William P. Hobby

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William Pettus Hobby
William hobby.jpg
27th Governor of Texas
In office
August 25, 1917 – January 18, 1921
Lieutenant Vacant
Willard Arnold Johnson
Preceded by James E. Ferguson
Succeeded by Pat Morris Neff
24th Lieutenant Governor of Texas
In office
January 19, 1915 – August 25, 1917
Governor James E. Ferguson
Preceded by William Harding Mayes
Succeeded by Willard Arnold Johnson
Personal details
Born (1878-03-26)March 26, 1878
Moscow, Texas
Died June 7, 1964(1964-06-07) (aged 86)
Houston, Texas
Political party Democratic
Spouse(s) Willie Cooper Hobby (1915-1929) her death
Oveta Culp Hobby

William Pettus Hobby (March 26, 1878 – June 7, 1964) was the publisher of the Houston Post and the 27th Governor of the U.S. state of Texas from 1917 to 1921.

Biography[edit]

Born in Moscow, Texas, Hobby became a circulation clerk for the Post in 1895 and was promoted to business writer in August 1901. In 1907 he left the Post to become manager and part owner of the Beaumont Enterprise, and he acquired the entire paper shortly thereafter.

Hobby was elected Lieutenant Governor of Texas in 1914 and after James Edward Ferguson was removed from office in 1917, he became the youngest governor in the history of the state up to that point. Hobby soundly defeated Ferguson in the 1918 Democratic primary and won the governorship in his own right. He returned to the Enterprise after leaving office and was asked in 1924 to take over as the president of the Houston Post.

Campaign card for William Pettus Hobby

In 1931, he married Oveta Culp Hobby, who would later become the first Secretary of the since reorganized Department of Health, Education and Welfare. In August 1955, Hobby became chairman of the board of the Houston Post Company, which also included the radio station, KPRC, and the television station, KPRC-TV, with Mrs. Hobby as president and editor.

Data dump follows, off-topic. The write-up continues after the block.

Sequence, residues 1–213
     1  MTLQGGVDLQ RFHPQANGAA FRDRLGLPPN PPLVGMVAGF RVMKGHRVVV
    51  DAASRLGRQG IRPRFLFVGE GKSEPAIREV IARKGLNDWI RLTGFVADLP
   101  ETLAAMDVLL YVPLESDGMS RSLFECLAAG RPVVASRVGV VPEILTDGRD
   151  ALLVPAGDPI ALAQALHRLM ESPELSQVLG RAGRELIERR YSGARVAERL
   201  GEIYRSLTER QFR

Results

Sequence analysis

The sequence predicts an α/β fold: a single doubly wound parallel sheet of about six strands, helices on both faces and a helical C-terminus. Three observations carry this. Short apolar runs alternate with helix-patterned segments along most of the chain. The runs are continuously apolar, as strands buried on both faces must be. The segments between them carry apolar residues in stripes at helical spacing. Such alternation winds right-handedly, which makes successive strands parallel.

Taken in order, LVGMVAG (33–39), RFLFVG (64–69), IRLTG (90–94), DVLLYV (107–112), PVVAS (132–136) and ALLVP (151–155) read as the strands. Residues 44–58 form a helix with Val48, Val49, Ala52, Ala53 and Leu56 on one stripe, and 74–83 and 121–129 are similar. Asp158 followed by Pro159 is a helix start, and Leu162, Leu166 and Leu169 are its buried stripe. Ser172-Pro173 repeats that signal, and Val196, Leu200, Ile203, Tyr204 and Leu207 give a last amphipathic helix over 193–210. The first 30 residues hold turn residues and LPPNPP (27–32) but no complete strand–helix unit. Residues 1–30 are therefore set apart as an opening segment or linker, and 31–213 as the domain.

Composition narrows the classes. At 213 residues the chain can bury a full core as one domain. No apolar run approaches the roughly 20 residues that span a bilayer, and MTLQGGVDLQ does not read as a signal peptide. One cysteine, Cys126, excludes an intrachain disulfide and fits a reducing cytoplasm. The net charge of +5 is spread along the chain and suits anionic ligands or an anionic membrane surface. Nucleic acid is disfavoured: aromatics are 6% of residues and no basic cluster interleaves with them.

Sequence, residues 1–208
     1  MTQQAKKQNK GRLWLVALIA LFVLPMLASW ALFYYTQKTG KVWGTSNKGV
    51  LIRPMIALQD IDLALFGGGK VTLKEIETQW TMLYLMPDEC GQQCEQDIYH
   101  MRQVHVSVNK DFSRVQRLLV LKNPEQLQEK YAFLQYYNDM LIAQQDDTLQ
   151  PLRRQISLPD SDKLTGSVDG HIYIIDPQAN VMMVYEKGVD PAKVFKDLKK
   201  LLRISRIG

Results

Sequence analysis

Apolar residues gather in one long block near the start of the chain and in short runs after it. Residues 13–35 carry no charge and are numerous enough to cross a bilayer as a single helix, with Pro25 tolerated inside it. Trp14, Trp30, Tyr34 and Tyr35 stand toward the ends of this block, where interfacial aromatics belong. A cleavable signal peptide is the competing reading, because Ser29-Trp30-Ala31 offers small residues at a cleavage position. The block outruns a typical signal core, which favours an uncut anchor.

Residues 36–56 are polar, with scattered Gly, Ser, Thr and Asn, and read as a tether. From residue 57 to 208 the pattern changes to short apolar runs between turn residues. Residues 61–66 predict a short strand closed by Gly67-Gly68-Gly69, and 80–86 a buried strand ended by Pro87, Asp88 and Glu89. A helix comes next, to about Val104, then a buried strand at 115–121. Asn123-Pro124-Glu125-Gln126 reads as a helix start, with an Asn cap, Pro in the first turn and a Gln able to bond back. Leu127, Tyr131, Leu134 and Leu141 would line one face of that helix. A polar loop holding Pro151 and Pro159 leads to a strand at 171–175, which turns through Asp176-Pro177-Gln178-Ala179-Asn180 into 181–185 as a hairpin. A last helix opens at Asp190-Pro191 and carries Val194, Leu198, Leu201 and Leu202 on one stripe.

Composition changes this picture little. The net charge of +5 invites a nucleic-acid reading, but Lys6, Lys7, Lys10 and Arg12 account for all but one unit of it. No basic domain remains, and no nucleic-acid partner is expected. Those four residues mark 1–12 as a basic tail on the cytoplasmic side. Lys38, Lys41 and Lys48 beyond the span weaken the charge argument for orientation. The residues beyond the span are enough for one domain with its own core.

Hobby served as a member on the Board of Directors of Texas Technological College.[1]As governor, he appointed the Wichita Falls railroad and oil industrialist Joseph A. Kemp to the University of Texas Board of Regents, a position which Kemp held from 1917 to 1921.[2]

Family[edit]

His son, William P. Hobby, Jr., also served as lieutenant governor of Texas from 1973 to 1991. His daughter, Jessica, was married to Henry E. Catto, Jr., the former US Ambassador to Great Britain. His grandson, Paul Hobby, narrowly lost the election for comptroller of Texas in the 1998 general election to the Republican Carole Keeton Strayhorn.

Legacy[edit]

References[edit]

  1. ^ Andrews, Ruth Horn (1956). The First Thirty Years: a History of Texas Technological College. Lubbock, Texas: The Texas Tech Press. p. 353. 
  2. ^ "Brian Hart, "Joseph Alexander Kemp"". Texas State Historical Association online. Retrieved April 15, 2013. 
  3. ^ Leatherwood, Art. "William P. Hobby Airport". Handbook of Texas Online. Texas State Historical Association. Retrieved February 20, 2013. 

External links[edit]

Political offices
Preceded by
William Harding Mayes
Lieutenant Governor of Texas
January 19, 1915–August 25, 1917
Succeeded by
Willard Arnold Johnson
Preceded by
James E. Ferguson
Governor of Texas
August 25, 1917–January 20, 1921
Succeeded by
Pat Morris Neff